Despite not doing a whole lot different, Avengers 2 is still an entertaining blast fans of the first film will no doubt enjoy. Whedon finds creative ways to pit different members of the Avengers against each other and show off cool new powers and gadgets, while also giving existing characters opportunities to develop and evolve. Much of it is fairly shallow but I suppose it’s better than not trying at all.

The action itself is also varied and clever so that it’s not just a rehash or imitation of what has been done before. As usual, it’s all heavily reliant on CGI, though it’s done seamlessly enough that it allows you to be immersed in the action. I wouldn’t go as far as to say it’s an upgrade from the original, but it’s at least different enough so you realise you’re not watching the same film.

The cast is of course spectacular, with Scarlett Johansson’s Black Widow and Jeremy Renner’s Hawkeye (also known as the shittier members of the Avengers) getting upgraded roles to get equal screen time — at least — with the main leads of Robert Downey Jr, Chris Hemsworth, Mark Ruffalo and Chris Evans. Of the four, it felt like only Chris Evans did not display noticeable signs of character fatigue. Downey Jr, in particular, simply looks like he’s fed up with playing the same character over and over, and he’s pretty much said as much interviews about the future of Iron Man.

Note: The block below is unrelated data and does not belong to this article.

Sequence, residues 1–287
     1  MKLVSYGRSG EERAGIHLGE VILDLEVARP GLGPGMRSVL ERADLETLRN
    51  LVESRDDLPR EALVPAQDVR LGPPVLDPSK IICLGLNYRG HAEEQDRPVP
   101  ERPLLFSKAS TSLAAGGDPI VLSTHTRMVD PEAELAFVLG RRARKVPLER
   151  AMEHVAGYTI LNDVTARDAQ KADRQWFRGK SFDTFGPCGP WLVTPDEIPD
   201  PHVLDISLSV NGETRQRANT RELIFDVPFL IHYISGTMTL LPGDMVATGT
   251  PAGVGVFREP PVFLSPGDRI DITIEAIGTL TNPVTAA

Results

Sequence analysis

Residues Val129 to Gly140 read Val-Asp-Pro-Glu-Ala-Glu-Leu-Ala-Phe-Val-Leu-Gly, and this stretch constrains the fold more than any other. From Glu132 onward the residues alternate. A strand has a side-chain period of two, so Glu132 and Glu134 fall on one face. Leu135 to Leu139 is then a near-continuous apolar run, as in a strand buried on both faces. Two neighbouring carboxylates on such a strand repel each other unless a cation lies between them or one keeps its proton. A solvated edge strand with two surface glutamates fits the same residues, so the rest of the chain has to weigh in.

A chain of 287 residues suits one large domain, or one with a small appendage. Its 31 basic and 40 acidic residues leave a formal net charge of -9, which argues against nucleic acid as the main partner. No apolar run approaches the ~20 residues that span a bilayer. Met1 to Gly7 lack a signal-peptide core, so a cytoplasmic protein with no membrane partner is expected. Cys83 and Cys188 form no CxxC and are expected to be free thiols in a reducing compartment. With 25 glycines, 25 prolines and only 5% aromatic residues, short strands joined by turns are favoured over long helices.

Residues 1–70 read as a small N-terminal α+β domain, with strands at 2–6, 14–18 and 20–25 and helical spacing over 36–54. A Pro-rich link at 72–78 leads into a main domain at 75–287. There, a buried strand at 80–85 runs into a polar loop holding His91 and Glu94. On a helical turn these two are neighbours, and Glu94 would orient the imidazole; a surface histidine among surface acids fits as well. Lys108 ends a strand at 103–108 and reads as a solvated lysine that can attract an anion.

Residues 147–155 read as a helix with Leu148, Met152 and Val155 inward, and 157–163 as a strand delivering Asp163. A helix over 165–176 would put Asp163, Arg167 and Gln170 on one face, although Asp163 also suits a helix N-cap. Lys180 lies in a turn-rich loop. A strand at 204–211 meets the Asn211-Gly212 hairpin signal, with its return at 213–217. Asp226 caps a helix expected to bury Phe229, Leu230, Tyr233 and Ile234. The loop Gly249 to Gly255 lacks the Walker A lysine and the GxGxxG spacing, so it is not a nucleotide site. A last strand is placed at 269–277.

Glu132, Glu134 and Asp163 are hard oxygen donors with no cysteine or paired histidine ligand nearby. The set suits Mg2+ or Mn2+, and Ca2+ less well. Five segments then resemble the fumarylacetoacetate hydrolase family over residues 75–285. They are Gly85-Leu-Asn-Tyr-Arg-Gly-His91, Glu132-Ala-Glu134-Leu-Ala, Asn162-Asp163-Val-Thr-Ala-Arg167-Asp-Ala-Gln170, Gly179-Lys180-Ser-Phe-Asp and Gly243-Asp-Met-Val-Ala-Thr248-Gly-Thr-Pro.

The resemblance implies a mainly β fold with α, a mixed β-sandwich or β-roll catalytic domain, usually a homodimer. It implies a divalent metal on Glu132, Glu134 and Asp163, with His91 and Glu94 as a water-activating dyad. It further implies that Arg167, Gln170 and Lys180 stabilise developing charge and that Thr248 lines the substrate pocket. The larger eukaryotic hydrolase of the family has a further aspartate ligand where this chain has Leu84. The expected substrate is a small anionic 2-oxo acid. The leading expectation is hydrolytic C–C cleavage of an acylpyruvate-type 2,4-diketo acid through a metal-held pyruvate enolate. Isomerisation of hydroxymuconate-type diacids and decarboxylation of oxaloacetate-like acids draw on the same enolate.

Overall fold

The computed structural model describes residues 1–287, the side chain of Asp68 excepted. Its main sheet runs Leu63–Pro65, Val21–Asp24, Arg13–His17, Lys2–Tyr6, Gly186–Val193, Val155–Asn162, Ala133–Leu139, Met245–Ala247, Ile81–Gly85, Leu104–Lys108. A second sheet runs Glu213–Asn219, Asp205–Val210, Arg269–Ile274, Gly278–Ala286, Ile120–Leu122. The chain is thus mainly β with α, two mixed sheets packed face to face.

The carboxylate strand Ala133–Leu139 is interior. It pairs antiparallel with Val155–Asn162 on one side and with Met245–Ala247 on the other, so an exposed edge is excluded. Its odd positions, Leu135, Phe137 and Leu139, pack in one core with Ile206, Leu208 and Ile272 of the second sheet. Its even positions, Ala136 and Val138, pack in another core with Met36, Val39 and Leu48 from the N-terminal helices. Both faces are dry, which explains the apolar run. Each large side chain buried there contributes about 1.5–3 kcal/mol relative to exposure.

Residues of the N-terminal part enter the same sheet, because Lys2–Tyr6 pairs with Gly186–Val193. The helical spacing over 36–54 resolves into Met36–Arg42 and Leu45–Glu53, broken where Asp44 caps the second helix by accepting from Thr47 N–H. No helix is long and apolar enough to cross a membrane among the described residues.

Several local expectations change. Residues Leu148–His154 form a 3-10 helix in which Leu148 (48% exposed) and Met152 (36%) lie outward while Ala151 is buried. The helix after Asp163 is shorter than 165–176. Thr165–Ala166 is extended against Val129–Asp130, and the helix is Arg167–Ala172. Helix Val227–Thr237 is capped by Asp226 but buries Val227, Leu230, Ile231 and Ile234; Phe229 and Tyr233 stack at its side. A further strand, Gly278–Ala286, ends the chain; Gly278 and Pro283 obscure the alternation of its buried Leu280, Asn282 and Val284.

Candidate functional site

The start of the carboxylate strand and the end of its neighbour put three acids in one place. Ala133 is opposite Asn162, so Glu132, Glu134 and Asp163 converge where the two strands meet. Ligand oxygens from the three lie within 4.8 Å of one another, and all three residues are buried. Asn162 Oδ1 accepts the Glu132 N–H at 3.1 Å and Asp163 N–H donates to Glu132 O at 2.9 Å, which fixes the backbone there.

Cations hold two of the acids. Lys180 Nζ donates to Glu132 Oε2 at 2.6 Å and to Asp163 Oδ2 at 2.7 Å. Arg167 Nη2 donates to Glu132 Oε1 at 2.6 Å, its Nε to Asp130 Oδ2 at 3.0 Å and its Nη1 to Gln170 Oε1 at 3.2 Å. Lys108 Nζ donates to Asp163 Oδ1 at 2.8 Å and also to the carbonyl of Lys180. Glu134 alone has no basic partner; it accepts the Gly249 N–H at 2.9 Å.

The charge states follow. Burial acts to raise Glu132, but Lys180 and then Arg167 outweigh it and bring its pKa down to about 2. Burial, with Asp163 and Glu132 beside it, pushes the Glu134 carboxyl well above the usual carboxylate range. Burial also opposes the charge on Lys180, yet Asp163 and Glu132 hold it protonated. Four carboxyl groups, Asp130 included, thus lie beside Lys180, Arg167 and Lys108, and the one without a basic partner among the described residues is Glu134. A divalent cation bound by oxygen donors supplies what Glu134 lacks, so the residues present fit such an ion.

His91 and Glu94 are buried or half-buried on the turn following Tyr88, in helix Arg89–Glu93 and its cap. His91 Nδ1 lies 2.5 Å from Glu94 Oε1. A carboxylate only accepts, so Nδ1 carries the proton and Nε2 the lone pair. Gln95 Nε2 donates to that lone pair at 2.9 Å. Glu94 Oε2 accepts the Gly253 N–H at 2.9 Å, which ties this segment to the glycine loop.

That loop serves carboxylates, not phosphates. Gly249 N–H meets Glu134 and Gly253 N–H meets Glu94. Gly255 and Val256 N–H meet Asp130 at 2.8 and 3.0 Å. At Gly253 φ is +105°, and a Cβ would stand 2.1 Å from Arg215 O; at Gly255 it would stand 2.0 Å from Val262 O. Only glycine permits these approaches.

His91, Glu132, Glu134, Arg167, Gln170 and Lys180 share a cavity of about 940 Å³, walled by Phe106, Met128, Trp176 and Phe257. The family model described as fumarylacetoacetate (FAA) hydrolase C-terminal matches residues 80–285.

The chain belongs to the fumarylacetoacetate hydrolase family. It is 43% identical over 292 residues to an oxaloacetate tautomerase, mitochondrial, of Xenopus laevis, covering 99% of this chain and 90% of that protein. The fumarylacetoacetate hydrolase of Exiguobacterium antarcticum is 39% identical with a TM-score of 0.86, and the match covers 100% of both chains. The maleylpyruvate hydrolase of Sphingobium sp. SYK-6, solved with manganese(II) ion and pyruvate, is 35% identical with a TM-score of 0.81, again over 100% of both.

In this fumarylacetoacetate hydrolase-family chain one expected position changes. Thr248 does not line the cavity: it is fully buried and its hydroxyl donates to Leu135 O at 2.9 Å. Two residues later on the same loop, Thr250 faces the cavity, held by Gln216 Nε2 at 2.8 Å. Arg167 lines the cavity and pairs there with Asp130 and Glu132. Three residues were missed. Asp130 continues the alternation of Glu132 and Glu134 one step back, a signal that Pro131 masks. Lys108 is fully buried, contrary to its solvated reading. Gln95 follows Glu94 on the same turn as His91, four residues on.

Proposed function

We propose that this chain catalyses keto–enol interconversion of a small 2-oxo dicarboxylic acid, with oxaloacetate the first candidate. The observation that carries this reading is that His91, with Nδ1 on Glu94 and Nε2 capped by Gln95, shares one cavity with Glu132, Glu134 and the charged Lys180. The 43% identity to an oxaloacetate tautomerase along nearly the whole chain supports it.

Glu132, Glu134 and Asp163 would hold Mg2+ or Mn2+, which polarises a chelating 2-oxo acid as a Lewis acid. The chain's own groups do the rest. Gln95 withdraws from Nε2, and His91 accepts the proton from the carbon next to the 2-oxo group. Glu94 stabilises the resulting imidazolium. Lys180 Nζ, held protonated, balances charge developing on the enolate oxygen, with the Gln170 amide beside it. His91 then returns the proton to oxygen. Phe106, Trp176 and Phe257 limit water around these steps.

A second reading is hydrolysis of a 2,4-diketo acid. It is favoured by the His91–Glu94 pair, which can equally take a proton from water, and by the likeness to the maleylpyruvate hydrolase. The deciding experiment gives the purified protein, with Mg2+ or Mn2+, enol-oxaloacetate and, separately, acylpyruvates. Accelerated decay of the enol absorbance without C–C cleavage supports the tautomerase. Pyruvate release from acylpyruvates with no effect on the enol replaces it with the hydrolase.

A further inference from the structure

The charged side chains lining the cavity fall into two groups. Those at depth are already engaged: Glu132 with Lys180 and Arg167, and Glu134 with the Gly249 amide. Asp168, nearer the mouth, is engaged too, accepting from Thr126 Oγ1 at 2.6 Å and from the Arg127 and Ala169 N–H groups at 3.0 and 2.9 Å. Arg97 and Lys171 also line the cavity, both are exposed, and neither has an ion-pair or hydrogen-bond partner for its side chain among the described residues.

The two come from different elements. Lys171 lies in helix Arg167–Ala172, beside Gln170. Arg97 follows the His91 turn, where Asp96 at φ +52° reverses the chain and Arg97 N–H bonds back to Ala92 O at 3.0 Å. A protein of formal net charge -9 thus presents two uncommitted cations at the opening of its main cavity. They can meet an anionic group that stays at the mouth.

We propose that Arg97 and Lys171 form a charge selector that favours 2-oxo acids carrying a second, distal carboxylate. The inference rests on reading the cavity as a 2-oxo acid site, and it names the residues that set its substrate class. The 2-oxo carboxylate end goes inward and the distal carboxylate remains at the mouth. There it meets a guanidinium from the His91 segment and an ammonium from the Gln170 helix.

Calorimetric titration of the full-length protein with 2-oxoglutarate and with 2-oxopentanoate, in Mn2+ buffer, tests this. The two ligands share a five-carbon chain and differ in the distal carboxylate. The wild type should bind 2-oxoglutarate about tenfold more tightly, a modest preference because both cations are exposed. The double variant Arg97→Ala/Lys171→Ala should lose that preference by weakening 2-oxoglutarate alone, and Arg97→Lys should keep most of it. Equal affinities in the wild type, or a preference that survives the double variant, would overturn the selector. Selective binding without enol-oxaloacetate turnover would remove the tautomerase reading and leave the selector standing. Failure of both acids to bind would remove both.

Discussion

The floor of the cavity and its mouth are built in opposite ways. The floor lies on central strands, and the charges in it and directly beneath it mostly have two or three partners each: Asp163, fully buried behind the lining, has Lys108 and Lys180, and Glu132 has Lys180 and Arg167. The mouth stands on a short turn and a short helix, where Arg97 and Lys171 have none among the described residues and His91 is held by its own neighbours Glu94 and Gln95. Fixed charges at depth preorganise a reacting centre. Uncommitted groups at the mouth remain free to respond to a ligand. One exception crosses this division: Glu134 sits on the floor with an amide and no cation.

The two new characters introduced are Soviet twins the Scarlet Witch (Elizabeth Olsen) and Quicksilver (Aaron Taylor Johnson) — who coincidentally played wife and husband in Godzilla last year. The former has mind control powers and what appears to be a similar power to The Force, while the latter has the ability to move extremely fast. Both were kind of disappointing, to be honest, partly because of the strained Russian accents and partly because they don’t get much time to develop, especially Quicksilver, who pales in comparison to the version of the character in X-Men: Days of Future Past played by Evan Peters.

The titular villain, Ultron, voiced by James Spader, received a lot of attention throughout the production but ultimately wasn’t as impressive as I thought he would be. He’s formidable and intelligent, much like Loki was in The Avengers, but he didn’t add as much to the table as I had wanted. Spader’s voice is great, but never did I feel like he was truly capable of defeating the Avengers.